The Rudolphs said Bulger once treated them and Penny and Glenn Gautreaux to
dinner at a fine restaurant, located just off-island in Fourchon.
When the hostess tried to seat them at a table in the center of the room
near other diners, Bulger insisted on a table in a darkened corner. He ordered
wine for the group, drank a couple of imported beers, and picked up the tab.
From May 19 through July 7, 1996, Bulger and Greig rented a two-bedroom
home on Cott Lane, a dead-end street around the corner from the Gautreauxs.
Henry and Barbara Wellman, retirees who owned the house and lived next
door, said he paid $1,700 in advance with $100 bills.
The Wellmans described the couple as ``quiet, polite, articulate, and
clean as a whistle.''
Bulger gave Henry Wellman copies of Soldier of Fortune magazine after he
Barbara Wellman said Greig implied Bulger was retired, telling her, ``Well,
he never could travel all his life, and finally he can, and he never wants to
``To be perfectly honest,'' Henry Wellman confessed, ``I wish we had more
tenants like them. They didn't bother anyone. If they're criminals, I don't
know which side I'm going to go on.''
But it appears Bulger's infamous temper was evident on at least one
Henry Wellman recalled with a chuckle that Bulger once tangled with a group
of men who constantly hung out across the street, drinking beer and staring at
everyone who walked by.
Glaring from his deck at the men who were leering at Greig while she walked
to their apartment, Bulger snapped, ``What's the matter? Haven't you ever seen
a real woman before?''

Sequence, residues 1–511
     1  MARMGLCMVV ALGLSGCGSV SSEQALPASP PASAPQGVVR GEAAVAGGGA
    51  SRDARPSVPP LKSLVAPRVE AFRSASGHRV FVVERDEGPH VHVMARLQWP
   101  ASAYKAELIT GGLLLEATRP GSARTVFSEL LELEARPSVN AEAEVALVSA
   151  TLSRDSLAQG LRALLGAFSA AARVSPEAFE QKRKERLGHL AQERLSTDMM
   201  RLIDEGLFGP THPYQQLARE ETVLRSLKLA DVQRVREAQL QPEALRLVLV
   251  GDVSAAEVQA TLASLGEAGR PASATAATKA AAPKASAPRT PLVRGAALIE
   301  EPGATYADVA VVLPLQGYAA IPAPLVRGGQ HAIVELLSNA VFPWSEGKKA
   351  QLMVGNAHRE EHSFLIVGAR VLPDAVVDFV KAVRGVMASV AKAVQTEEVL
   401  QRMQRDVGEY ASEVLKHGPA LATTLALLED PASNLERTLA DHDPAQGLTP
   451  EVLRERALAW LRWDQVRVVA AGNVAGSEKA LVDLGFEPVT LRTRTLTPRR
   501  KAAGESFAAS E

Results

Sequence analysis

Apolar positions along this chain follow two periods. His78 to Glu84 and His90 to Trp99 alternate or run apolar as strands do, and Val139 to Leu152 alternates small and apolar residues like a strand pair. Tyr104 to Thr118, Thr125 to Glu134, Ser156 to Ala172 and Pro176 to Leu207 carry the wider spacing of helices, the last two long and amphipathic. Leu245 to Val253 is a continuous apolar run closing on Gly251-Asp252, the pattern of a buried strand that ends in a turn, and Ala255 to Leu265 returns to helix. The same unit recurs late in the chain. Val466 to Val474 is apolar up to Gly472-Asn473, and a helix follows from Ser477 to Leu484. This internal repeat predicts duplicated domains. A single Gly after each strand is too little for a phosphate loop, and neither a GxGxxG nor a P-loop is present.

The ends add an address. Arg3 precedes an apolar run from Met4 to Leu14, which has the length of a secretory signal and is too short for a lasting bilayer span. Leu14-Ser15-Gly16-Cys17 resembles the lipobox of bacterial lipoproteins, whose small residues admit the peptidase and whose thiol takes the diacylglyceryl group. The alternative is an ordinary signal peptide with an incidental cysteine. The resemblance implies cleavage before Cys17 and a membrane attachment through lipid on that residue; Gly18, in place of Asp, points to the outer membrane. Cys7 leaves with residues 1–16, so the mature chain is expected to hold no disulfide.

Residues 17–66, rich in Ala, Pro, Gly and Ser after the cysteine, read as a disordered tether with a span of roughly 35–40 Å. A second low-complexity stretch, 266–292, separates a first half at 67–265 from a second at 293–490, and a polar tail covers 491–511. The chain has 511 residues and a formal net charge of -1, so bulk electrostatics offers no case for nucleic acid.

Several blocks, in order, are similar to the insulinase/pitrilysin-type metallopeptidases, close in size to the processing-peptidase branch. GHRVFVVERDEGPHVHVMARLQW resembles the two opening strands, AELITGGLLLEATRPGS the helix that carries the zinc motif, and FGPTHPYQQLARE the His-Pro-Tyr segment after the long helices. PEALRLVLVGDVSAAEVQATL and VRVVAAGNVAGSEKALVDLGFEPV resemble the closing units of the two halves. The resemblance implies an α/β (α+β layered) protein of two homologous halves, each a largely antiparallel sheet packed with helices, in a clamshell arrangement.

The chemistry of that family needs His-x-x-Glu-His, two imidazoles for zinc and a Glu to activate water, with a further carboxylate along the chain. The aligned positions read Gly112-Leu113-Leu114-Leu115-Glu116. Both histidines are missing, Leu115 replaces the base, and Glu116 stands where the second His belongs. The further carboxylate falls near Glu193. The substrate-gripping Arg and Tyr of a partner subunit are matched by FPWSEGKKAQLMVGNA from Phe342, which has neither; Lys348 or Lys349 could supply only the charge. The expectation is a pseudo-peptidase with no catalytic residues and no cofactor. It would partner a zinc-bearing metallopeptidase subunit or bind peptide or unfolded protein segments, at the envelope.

Wellman said, ``I was proud of him. To tell you the truth, I liked him. He
didn't give me any reason not to.''
When Bulger and Greig left Grand Isle on July 7, 1996, they left behind
clothes and an iron that are now in FBI custody.
``He said they were going to San Diego,'' said Henry Wellman, adding,
``which probably means they're in the Caribbean.''
Actually, Bulger's next stop was back on Long Island. That same month, FBI
agents missed Bulger but found the Grand Marquis he had bought there 18 months
In the 18 months since he had bought the car, Bulger had driven 65,000 miles.
Receipts found inside the Marquis led investigators to Louisiana for the first
time. But again, Bulger was gone.
Last May the FBI offered a $250,000 reward for Bulger's capture and
announced a criminal charge against Greig for harboring a fugitive.
There have been reports that Bulger may have traveled around the country
for years prior to his January 1995 indictment, stashing money and possibly
fake identifications in safe deposit boxes. But investigators also suspect
Bulger is relying on a trusted associate to routinely funnel him cash.
``We don't know the source of the money, and if we did it would probably be
a lot easier to track him,'' FBI Supervisory Special Agent Cassano said.
Federal authorities seized $1.9 million that Bulger claimed as his share of
a 1991 Mass Millions jackpot, and $199,000 from a safe deposit box and two
bank accounts he held in Boston.
Recently, investigators located a bank account belonging to Bulger in
Clearwater, Fla., where he owns a condominium. They are in the process of
trying to seize that money.
Investigators believe Bulger is a millionaire from gambling, loansharking,
and drug profits.
The Violent Fugitive Task Force has recently placed ads with Bulger's
photograph in USA Today, Soldier of Fortune magazine, and the South Boston
Tribune announcing the reward. They've posted more recent photographs of
Bulger and Greig on the FBI's Internet website.
Tips keep coming, but Bulger remains elusive -- a friendly man in a hat and
sunglasses cruising around the country.
This story ran on page A1 of the Boston Globe on 01/04/1998.
© Copyright 1998 Globe Newspaper Company.